Survey shows biggest prospect for progress in terms of health-care system assistance
The results of a new survey indicate Canadians are generally content with the health benefit plans they have access to, and find them beneficial in addressing cost-of-living issues.
According to a public opinion study conducted by Abacus Data for the Canadian Life and Health Insurance Association (CLHIA), 86% to 88% of individuals who have access to an employer-sponsored or equivalent group plan say they are very or mainly satisfied with it.
Those with privately purchased insurance are satisfied in 80% of cases, while those with access to expanded benefits through a provincial plan are satisfied in 74% of cases.
The survey also asked respondents with access to an extended benefits plan to estimate how much money they may save on prescription expenditures, dental care, eye care, and physiotherapy.
On average, the estimated household savings on prescription medications among those respondents averaged $922. They also reported estimated savings of $703 on dental care, $421 on eye care, and $384on physiotherapy. Those who had access to an employer-sponsored benefit plan saved much more than the average.
The vast majority of people who have access to an extended benefits plan (85%) said it helps them get access to and afford a variety of health services they need, from medicines to mental health. Those who have access to an employer benefit plan are much more satisfied than those who have access to a provincial benefit plan.
Group benefit plans are significantly more likely to be seen as increasing the availability and affordability of health services in Canada (78%) than as undermining the concept of universal coverage (28%).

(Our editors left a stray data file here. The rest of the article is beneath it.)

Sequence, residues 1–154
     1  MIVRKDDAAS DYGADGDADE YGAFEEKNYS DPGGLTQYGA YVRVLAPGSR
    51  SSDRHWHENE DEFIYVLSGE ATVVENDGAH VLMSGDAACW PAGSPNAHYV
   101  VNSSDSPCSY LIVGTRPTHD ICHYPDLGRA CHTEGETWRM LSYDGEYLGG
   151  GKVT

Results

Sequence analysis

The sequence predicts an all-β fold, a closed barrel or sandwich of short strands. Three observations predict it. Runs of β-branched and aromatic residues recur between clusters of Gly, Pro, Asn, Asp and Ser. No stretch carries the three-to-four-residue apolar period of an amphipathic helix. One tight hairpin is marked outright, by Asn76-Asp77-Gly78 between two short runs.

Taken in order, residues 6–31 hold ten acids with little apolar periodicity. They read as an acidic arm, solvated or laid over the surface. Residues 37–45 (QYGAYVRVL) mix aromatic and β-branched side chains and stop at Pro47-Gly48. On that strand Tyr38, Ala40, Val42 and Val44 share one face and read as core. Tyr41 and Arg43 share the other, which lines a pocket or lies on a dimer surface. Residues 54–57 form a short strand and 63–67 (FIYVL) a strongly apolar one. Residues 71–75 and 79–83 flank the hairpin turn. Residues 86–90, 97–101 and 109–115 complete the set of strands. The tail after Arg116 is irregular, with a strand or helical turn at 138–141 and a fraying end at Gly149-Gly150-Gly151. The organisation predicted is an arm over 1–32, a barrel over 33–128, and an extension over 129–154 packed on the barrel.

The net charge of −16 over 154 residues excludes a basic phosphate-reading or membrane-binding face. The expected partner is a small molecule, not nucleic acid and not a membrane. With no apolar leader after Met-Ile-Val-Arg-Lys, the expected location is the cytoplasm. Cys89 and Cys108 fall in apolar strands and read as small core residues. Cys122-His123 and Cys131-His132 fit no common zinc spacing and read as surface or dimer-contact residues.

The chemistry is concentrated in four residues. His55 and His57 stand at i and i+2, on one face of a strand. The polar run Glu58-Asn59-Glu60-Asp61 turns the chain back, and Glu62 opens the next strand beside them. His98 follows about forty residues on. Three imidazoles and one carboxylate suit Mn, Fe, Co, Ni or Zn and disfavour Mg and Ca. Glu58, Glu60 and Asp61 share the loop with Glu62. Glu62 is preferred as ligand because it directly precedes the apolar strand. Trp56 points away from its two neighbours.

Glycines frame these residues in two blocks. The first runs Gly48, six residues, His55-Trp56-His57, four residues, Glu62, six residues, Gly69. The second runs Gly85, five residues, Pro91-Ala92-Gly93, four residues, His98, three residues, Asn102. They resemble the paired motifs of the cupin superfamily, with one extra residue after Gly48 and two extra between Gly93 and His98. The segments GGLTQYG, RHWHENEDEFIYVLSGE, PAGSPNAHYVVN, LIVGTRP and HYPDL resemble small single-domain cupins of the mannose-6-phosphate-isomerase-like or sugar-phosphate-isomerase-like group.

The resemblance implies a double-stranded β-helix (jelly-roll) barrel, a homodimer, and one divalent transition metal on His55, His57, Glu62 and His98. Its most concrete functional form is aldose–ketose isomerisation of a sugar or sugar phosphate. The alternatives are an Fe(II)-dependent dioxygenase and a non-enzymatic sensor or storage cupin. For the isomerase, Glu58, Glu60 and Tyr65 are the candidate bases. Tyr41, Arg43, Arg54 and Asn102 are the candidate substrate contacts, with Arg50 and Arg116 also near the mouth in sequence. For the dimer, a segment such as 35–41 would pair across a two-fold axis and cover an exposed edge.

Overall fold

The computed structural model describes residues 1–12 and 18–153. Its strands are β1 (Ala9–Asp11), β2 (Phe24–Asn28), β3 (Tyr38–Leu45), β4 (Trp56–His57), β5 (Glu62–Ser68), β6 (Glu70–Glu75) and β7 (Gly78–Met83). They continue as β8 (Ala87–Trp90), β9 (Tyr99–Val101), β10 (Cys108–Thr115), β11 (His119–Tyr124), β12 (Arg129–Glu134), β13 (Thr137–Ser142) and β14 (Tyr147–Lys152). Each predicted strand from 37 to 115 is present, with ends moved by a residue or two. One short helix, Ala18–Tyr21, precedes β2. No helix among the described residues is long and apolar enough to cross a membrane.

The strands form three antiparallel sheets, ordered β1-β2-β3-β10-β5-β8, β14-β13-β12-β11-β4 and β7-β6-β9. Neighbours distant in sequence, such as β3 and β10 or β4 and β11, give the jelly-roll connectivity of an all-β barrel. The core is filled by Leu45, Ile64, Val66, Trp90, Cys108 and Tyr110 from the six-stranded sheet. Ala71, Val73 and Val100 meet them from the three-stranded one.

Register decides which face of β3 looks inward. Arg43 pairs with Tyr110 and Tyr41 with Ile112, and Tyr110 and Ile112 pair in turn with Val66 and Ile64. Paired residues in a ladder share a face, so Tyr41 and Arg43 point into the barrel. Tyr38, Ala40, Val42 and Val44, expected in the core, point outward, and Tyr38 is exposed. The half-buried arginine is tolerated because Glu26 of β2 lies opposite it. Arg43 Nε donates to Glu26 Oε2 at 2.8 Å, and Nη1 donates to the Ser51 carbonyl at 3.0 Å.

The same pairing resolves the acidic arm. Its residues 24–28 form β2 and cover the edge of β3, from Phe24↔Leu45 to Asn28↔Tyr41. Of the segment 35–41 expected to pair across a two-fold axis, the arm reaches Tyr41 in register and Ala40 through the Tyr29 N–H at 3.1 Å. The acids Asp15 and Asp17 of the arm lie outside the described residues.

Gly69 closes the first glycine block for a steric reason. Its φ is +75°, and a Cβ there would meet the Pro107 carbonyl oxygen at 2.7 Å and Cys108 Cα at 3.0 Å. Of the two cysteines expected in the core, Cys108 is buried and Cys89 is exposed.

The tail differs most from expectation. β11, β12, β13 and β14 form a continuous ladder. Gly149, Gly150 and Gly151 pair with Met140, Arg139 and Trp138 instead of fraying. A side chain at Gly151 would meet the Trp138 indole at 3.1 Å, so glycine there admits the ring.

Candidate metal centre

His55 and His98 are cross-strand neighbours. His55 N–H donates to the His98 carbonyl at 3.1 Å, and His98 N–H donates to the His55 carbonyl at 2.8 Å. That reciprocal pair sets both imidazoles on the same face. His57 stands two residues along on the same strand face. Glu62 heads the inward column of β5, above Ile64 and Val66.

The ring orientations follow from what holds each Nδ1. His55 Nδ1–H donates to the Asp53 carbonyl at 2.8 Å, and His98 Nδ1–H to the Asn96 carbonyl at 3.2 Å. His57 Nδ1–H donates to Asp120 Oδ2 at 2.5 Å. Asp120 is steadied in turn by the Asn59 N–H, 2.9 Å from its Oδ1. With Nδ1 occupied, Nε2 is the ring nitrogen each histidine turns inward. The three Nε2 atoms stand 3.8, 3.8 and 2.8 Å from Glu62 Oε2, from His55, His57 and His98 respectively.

As a result of this belief that group plans contribute rather than detract from public health goals, there is a nearly unanimous (92%) demand for public policies that strengthen and encourage the use of employer group plans across the country and across the political spectrum.
Surveys have indicated for several years that Canadians want public initiatives to ensure that prescription medications are inexpensive for individuals who do not have access to drug-cost assistance programmes.
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A large majority of Canadians would welcome a similar pharmacare strategy being pursued in their own province (72%), rather than forcing everyone with a plan to convert to a government plan that might cover the most commonly used, but fewer pharmaceuticals (28%).
The notion of a federal initiative to assure dental care coverage for those who do not have it under their existing plan and whose income is less than $60,000 has a lot of support. Only 6% of people reject the proposal, while 44% strongly support it.
Surveys have shown an increase in demand for mental health services, and this survey adds to the evidence that people are having difficulty getting the help they need. Just under half claim they have used mental health services on a regular basis (12%) or on occasion (30%). More people say getting mental health treatment is difficult than easy.
Canadians perceive today's extended health benefits plans to be extremely useful in terms of cost savings. This is especially true for those with access to group health coverage, where the average person reports saving considerable sums of money on medications, eyecare, dental care, and physiotherapy each year.